• nora

    Instead of alternate day fasting, I’ve been doing intermittent fasting daily…fasting 19 hours and eating vegan during a 5-hour daily window (like 2-7pm). I’ve lost 13 pounds in two months, about 1-1.5 lbs/week with very little effort, and my junk food cravings have stopped completely. I have more energy than ever and feel truly amazing. I think IF, combined with a vegan diet, is the perfect combination.

    • Psych MD

      I am also doing intermittent fasting. I first saw this on the Mercola site a few months ago. There is a wealth of info on theiflife.com. It really is amazingly painless. I have some mild hunger pangs around 0930 that I feed with a cup of tea. I also started sprouting a few weeks ago. These measures, along with whole body vibration exercise (which I also learned about from Dr. Mercola) combined with modest strength training on a Chuck Norris Total Gym have me in better shape at 60 than I was at 30.

  • TMR

    I’m vegan. I find when I do intermittent water fasts that I feel lighter, more energetic and it also addresses any food addictions I might have. I try to do a one day water fast at least once a week.

    I read that longer water fasts can address chronic illnesses. I have only done short fasts at this point, but I would like to do longer ones. I would highly recommend water fasting :)

  • tavit

    dose it mean water fasting is actually healthy?

    • Toxins

      No, fasting is not at all what Dr. Greger is advocating. He is saying you can get the benefits of fasting primarily from extra DHEA through dietary modifications.

  • Bubby Country

    What does the doctor make of the recent hype over the book, “Grain Brain”? Dr. David Perlmutter claims that carbs cause Alzheimer’s and is recommending huge amounts of red meat and coconut oil.

    • Thea

      Bubby: I don’t speak for Dr. Greger, but in response to your post: I would refer people to “Power Foods For the Brain – An Effective 3-Step plan to protect your mind and strengthen your memory” by Dr. Barnard. This book covers Alzheimer and provides what I consider to be convincing evidence.
      I can tell you that he doesn’t blame carbs on Alzheimers…

      Grain Brain sounds just like another variant of the Paleo/Wheat Belly/etc. diets. All of which have been soundly discredited.

      You might also be interested in Dr. Greger’s book, Carbophobia. It used to be free on-line somewhere as an e-book, but I’m not sure Dr. Greger offers that option any more. But $10 isn’t bad:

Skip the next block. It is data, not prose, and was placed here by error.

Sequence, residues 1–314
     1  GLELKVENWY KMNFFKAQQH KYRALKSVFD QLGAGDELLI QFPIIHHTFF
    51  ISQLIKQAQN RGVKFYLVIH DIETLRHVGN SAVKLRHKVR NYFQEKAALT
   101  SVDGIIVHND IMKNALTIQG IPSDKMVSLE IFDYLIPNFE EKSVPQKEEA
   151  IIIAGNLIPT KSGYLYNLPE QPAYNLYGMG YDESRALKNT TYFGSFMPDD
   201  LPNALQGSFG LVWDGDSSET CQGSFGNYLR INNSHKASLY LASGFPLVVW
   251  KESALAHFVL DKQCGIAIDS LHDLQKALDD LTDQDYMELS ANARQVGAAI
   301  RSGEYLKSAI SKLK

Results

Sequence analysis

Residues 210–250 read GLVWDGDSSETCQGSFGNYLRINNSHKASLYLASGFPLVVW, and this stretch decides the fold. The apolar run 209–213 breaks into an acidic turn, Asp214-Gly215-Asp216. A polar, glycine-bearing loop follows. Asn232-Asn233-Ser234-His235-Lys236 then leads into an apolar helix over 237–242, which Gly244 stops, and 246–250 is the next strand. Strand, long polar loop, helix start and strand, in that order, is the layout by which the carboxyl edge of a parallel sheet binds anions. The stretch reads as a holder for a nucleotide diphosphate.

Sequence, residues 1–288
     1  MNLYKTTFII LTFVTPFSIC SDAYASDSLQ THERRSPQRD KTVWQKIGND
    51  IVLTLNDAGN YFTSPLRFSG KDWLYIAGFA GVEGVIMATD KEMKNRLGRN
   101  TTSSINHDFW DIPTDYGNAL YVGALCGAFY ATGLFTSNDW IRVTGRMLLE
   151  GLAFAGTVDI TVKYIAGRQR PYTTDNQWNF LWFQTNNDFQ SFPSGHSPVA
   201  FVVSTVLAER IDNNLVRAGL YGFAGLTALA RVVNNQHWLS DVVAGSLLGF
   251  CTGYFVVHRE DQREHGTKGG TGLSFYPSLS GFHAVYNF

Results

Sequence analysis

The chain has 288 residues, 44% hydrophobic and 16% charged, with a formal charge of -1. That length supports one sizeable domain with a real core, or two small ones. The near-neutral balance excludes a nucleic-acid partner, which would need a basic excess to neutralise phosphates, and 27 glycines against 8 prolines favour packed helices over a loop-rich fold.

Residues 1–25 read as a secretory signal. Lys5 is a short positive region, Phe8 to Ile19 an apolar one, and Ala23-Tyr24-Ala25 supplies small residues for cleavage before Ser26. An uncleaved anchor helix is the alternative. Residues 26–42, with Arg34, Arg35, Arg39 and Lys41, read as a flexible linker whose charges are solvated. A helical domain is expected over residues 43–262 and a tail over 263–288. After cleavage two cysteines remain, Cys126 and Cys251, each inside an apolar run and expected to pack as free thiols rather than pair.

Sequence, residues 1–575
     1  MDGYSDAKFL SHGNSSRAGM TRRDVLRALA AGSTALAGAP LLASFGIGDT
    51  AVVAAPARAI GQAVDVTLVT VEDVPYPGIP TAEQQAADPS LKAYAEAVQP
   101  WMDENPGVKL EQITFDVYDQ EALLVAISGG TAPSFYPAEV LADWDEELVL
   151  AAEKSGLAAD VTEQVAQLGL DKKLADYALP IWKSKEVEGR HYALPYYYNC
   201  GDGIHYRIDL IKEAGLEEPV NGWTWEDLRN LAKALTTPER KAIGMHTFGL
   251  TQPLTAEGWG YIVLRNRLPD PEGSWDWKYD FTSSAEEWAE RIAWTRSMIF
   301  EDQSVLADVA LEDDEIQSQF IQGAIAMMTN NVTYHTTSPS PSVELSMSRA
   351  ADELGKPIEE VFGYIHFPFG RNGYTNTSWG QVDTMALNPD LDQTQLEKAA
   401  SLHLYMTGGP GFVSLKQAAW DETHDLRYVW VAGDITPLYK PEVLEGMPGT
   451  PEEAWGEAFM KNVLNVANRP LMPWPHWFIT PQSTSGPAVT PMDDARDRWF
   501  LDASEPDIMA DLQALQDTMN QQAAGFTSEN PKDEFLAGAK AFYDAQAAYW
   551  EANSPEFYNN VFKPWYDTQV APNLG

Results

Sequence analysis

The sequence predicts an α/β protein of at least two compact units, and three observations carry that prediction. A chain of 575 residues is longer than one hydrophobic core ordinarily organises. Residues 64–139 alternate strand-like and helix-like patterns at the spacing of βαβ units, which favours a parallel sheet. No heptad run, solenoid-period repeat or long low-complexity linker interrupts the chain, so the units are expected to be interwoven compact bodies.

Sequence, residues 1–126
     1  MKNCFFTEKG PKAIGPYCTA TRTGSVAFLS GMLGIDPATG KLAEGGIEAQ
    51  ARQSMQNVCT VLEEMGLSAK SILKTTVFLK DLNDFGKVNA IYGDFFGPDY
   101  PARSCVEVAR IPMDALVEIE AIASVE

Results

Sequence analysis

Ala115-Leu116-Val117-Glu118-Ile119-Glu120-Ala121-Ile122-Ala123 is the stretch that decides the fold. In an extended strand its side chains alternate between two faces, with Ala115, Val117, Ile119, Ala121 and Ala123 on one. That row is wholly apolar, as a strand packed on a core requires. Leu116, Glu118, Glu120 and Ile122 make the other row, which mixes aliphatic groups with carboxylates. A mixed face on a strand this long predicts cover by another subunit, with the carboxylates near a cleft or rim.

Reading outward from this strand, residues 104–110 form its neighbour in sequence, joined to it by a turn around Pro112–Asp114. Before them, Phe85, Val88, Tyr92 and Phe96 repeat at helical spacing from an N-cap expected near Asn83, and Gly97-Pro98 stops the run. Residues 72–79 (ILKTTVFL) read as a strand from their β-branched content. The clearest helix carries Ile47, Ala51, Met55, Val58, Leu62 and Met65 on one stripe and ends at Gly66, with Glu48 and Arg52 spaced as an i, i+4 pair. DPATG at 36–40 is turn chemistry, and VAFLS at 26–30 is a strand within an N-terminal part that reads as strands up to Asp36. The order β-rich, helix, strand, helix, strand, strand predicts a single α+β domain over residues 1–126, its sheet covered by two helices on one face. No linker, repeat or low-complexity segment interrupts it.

http://www.drgreger.org/books

      Just some thoughts for you.

    • http://www.DonForresterMD.com/ Don Forrester MD

      I would also recommend Dr. Barnard’s book, Power Foods for the Brain. The idea that whole grains causes Alzheimer’s is not the best hypothesis. As Dr. Barnard points out it has been associated with many factors including saturated fats, animal food and certain metals. There of course have been correlations that help reduce the likelihood such as vegetables, fruits, exercise and sleep. The latter make more sense given what we know about our biochemical and anatomical make up plus what we know about the other chronic diseases. The nice thing about Dr. Barnard’s book is that he provides references for the scientific articles that he cites and provides some down to earth recommendations. Given the magnitude of the dementia problem I would expect many more “entrepreneurs” to publish a line of books such as we have seen with the diet industry over the years. The best thing to do is to develop a good understanding of the science which come from reliable sources that are free. For me these include NutritionFacts, Dr. John McDougall, the Physicians Committee for Responsible Medicine and Jeff Novick’s blog.

  • Gabrielle

    http://ezinearticles.com/?Swim-and-Live-Longer&id=6090714
    Do you know if it is true on whether regular swimming also reduces risk of dying compared to non-swimmers